flaws, I'd give that some thought too as I did my re-reading.
OK, I'm going to digress a bit now because I don't want you
to get too bored with the story we're working on. We'll come back to it
in a few paragraphs, after I've blathered some more about my personal
writing habits. We'll just pretend that we're waiting for comments on
the second draft to show up in the e-mail.
Since most of my writing winds up online, I like to take the
editing a bit further than most folks. It makes it easier on me in the
long run and it has the added virtue of making webzine editors worship
your submissions. Well, not worship exactly, but you get the idea. Its
nice to get a submission that you don't have to read four times in
order to publish it. (Read to accept/reject, proofread if accepted, add
HTML tags, proofread HTML) Submitting in HTML shortens the process by
three steps. Any online editor will like that. Of course, you still
have to write good stories 'cause no one is gonna publish your stuff
just because its already HTMLed. 8^)
It just shows the Web editor what submitting a polished manuscript
shows a print editor- that the writer is serious about his work. It
lets the quality of the writing show through more clearly, too. Now you
have to remember, I've gotten most of Aphelion's best stories as
ordinary word processor files- I'm just saying that I had to go over
them more often to get them ready to publish.
What I like to do is to HTML the story after spellchecking
and then read it in my web browser. This gives me a better idea of what
the actual layout of the story will look like, as well as making it
easier for me to spot errors. I bounce back and forth between the
browser, the word processor, and the HTML Editor to make corrections.
That's called "multi-tasking" and it's most useful on complicated jobs.
It sounds clumsy, but it actually works rather well. It works rather
like this- I write the outline in my word processor, save it, flesh it
out in a first draft, save it with a different filename so that the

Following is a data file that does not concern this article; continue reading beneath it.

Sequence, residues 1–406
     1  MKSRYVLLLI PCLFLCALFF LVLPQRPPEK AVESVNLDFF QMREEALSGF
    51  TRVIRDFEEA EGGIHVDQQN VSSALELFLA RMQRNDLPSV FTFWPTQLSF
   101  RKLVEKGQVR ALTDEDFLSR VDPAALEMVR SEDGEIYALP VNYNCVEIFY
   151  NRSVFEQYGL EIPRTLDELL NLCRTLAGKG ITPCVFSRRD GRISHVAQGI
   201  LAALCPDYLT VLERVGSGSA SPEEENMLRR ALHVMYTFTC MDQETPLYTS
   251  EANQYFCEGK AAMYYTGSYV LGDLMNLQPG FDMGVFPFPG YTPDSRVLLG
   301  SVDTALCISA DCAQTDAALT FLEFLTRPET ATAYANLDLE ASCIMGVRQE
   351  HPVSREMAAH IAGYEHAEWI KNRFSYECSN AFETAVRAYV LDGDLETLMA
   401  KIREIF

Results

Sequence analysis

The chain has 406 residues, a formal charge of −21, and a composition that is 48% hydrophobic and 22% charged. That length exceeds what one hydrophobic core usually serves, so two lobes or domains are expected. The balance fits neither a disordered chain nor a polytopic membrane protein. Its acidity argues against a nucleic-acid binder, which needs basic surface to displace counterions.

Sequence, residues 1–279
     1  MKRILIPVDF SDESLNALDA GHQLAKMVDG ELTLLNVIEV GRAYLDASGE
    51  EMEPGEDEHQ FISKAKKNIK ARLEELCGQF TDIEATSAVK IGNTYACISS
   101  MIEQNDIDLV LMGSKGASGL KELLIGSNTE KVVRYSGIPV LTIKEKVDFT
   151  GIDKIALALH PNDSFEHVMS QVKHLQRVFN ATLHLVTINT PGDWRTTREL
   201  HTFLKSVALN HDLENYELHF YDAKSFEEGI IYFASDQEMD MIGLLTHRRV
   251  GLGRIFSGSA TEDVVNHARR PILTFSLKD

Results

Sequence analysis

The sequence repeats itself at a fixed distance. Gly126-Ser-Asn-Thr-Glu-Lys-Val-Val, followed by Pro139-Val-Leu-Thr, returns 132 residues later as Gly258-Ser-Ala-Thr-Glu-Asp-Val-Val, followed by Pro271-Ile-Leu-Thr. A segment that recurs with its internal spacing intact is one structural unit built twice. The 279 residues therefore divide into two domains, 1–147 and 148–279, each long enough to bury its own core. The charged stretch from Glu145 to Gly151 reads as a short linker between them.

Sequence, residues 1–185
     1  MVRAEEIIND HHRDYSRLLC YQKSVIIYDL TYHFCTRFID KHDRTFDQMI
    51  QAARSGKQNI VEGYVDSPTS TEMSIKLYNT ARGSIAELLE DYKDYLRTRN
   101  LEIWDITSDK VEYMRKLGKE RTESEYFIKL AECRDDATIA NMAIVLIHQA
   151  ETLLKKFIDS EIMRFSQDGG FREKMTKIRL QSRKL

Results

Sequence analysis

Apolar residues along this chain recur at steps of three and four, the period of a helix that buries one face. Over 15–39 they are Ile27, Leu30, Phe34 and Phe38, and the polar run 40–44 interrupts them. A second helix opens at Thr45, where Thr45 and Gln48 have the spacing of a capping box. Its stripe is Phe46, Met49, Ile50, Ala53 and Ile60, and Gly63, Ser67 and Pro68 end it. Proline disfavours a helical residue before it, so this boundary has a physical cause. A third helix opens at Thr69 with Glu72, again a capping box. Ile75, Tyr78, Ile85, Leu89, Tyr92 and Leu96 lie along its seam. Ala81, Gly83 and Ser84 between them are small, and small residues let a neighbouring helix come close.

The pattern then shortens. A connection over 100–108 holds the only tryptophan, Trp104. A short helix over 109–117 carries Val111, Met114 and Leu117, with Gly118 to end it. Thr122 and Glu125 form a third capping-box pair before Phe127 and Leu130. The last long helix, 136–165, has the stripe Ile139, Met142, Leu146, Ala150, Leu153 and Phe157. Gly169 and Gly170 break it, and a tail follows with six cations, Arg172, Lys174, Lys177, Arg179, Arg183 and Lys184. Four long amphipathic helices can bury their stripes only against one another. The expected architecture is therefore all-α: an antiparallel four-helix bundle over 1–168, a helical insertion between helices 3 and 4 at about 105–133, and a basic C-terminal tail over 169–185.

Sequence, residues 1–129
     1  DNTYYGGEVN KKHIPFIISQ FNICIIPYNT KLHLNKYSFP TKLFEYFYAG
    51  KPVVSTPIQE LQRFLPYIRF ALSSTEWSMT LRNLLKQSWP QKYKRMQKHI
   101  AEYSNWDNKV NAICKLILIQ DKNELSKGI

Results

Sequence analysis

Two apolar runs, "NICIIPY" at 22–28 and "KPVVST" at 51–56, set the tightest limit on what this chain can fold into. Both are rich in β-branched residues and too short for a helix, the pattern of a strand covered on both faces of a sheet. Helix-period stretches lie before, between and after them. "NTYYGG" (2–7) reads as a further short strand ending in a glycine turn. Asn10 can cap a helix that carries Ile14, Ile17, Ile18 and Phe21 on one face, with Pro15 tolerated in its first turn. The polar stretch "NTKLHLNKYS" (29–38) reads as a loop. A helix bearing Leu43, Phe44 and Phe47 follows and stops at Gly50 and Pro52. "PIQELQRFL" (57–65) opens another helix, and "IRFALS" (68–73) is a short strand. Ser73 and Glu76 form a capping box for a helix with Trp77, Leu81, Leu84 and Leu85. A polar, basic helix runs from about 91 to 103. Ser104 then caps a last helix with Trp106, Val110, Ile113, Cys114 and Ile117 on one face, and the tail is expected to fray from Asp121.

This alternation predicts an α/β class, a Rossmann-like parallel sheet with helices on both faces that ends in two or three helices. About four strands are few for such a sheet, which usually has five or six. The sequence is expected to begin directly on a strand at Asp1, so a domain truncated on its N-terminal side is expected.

original is not overwritten, and proofread it. That gives me two
documents; the original outline, and the first draft. Then I open the
HTML editing program, copy the first draft into it, HTML it, and save
it as an .HTM file. Since I have webspace online I can use, I usually
put each draft online and ask the staff and other friends to comment if
they wish. Then I open a web browser and read it several times. While
I'm reading, if changes occur to me I'll add them to the HTML copy.
I'll also copy the changes back into the word processor file. This
gives me my second draft. If the staff or any of my other friends have
offered comments I can keep these in mind as I re-read the story.
To trim the process a bit, sometimes I don't correct the
word processor version until I have the
HTML copy corrected. Then I shut down the browser and copy the HTMLed
the processor. There I can remove the HTML tags and tweek the text
layout to give me
back the italics, underlined text, and other goodies that get lost when
the HTML tags are
deleted. I usually do a global search for one tag at a time and tweek
the text to match what
the tag was a command to do. I have to do that because the HTML editor
that I used back in the day didn't show italics as italics on the
screen. They look no
different from the rest of the text, they just have HTML tags on either
Nowadays, of course, there are all sorts of word processors
that will show you yout text in different views. You don't have to do
all the copy and paste stuff that I discribed above. Now I'd use Word
to write in, and I'd sometimes use KompoZer to check the page layout.
Back in the day, I used an older HTML editor called, oddly enough, HTML
Writer. I've tried some add-ons to "Word Perfect" to make it convert
word processor files to HTML, but I didn't like them much. So I always
come back to the tried and true. As I noted in the bold text
above, I now use Word quite a lot, and also a free program called